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M.Besant E.Walter
Jerusalem, the city of Herod and Saladin


Sir John Froissart's Chronicles of England, France, Spain and the Ajoining Countries from the latter part of the reign of Edward II to the coronation of Henry IV in 12 volumes 

Chronicles of Enguerrand De Monstrelet (Sir John Froissart's Chronicles continuation) in 13 volumes 

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M.Besant E.Walter
Jerusalem, the city of Herod and Saladin
page 91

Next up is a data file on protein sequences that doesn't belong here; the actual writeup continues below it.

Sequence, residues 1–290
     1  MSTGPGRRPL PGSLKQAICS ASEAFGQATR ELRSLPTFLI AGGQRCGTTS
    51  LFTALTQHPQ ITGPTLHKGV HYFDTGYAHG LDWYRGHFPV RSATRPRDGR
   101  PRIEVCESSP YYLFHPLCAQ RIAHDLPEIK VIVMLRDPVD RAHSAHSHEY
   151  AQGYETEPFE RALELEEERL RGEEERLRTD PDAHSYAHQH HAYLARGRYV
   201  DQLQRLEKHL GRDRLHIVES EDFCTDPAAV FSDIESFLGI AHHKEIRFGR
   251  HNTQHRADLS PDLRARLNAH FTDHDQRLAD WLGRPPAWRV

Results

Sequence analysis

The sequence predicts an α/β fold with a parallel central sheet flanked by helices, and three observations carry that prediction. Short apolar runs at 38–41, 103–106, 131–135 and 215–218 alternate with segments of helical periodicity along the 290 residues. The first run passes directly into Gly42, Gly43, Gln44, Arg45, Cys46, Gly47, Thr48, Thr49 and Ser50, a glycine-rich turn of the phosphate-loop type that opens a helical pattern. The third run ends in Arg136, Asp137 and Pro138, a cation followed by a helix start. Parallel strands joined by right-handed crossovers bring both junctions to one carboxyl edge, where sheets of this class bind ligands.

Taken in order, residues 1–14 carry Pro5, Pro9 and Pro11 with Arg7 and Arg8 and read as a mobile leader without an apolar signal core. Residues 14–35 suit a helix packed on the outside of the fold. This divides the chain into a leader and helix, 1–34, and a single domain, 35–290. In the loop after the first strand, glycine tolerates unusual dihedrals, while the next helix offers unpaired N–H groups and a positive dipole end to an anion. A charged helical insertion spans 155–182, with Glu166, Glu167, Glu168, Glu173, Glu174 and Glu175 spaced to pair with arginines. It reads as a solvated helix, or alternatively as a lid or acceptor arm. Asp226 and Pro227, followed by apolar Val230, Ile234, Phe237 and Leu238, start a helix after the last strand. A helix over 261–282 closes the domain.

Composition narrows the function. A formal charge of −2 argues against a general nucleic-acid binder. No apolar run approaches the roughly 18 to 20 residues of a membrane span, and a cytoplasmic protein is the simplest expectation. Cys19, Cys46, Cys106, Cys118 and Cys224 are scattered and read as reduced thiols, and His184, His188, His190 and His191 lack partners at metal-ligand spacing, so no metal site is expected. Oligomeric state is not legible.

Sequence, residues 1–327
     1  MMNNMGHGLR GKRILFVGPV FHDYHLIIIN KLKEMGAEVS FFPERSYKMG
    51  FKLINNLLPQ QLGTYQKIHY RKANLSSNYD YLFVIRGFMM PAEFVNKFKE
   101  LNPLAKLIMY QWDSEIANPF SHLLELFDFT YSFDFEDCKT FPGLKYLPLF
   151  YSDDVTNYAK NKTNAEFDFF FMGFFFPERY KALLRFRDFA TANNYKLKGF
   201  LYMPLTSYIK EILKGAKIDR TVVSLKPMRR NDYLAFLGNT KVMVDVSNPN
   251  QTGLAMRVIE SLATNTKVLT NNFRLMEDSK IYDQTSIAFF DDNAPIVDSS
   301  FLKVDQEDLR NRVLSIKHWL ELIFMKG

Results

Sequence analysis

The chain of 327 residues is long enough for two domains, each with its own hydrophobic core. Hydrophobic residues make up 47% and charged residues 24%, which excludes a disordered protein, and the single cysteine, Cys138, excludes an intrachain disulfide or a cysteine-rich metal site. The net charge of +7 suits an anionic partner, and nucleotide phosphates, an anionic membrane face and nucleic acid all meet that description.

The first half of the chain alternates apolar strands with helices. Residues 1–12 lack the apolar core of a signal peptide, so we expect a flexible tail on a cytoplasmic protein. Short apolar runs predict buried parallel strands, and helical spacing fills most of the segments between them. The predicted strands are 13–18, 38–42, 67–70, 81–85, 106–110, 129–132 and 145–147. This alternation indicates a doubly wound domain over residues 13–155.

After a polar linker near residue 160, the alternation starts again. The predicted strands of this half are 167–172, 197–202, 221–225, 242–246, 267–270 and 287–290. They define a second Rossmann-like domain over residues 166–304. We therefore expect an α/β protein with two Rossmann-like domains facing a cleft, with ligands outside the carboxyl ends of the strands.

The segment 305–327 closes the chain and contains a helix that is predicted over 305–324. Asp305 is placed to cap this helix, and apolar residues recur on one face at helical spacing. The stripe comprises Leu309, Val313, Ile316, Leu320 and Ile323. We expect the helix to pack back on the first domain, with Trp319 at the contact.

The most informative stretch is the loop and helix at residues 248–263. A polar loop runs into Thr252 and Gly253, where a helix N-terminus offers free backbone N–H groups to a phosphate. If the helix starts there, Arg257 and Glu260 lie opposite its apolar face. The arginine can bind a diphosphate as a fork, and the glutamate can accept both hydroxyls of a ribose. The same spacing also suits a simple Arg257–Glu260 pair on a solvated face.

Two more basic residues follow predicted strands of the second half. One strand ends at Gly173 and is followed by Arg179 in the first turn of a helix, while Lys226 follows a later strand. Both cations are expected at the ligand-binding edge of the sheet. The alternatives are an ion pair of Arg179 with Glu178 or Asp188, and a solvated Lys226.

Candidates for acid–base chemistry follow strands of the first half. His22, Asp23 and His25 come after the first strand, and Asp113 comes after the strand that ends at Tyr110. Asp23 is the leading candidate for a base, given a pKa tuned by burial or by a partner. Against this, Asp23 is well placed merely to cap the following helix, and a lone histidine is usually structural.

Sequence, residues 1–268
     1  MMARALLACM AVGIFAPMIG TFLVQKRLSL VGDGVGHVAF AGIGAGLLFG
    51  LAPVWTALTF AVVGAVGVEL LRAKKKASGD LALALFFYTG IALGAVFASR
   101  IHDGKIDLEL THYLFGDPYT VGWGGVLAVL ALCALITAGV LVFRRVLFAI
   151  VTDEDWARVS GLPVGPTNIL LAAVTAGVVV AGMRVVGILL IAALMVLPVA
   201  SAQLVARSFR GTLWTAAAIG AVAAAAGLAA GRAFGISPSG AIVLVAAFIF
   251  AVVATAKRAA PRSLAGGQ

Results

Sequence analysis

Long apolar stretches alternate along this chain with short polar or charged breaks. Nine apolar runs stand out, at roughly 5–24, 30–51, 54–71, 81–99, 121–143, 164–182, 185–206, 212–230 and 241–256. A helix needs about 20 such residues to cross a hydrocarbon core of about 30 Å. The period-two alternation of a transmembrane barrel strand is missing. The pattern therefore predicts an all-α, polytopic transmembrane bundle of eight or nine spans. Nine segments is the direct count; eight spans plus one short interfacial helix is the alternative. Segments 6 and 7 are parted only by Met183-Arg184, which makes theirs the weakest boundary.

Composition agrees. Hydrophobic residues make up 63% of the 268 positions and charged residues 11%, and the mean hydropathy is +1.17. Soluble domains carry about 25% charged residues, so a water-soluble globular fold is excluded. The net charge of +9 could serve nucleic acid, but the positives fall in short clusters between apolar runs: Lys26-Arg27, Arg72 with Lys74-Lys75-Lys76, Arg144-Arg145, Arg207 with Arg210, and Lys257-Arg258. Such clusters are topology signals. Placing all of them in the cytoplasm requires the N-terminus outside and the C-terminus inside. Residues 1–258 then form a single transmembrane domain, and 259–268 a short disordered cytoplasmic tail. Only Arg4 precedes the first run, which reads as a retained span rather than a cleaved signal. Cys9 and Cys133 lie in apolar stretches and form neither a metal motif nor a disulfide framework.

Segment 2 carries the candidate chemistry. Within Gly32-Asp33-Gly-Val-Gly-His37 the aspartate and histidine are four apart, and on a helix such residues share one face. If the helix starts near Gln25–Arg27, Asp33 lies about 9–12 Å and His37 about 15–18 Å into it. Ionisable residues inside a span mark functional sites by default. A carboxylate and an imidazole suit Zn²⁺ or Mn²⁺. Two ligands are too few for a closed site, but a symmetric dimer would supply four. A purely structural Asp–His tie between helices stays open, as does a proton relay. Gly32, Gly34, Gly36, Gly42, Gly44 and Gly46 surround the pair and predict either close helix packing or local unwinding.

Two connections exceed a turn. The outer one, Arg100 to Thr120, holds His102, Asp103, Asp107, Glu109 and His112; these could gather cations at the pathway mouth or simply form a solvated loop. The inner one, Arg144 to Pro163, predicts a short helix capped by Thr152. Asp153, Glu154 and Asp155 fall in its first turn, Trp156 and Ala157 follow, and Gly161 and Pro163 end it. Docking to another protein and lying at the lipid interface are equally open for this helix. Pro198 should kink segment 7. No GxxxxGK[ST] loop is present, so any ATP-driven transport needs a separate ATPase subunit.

COMPLETION OF THE MASJII). R5 any spot, the sacred character of which would especially incite the visitor to an act of devotion. Our word mosque is a corruption of masjid, but it is usually misapplied, as the building is never so designated, although the whole area on which it stands may be so spoken of. The Jam'i el Aksa, Jam'i el Maghâribeh, &c, are mosques in our sense of the word, but the entire Haram is a masjid. This will explain what is meant by saying that Omar, after visiting the churches of the Anastasis, Sion, &c, was taken to the " Masjid " of Jerusalem ; and will account for the statement of Ibn el 'Asa'kir and others, that the Masjid el Aksa measured over six hundred cubits in length—that is, the length of the whole Haram area. The name Masjid el Aksa is borrowed from the passage in the Cor'ân (xvii. 1) , where allusion is made to the pretended ascent of Mohammed into heaven from the Temple of Jerusalem: "Praise be unto Him who transported His servant by night from El Masjid el Harâm (i.e., 'the Sacred place of Adoration,' at Mecca) to El Masjid el Aksa (*. e., ' the Remote place of Adoration ' at Jerusalem), the precincts of which we have blessed," &c. The title EÏ Aksa, "the Eemote," according to the Mohammedan doctors, is applied to the Temple of Jerusalem, "either because of its distance from Mecca, or because it is in the centre of the earth." The title Haram, or "sanctuary," it .enjoys in common with those of Mecca, Medina, and Hebron. As M. de Vogué has pointed out, the Cubbet es Sakhrah, notwithstanding its imposing proportions, is not, properly speaking, a mosque, and is not constructed with a view to the celebration of public prayers and services. It is only an oratory, one of the numerous cubbehs with which the Haram es Sherif abounds—domed edifices that mark tbe various spots to which traditions cling. The form is, in fact, almost identical with that of an ordinary Muslim weli, or saint's tomb. El Jâm'i el Aksa is, on the other hand,

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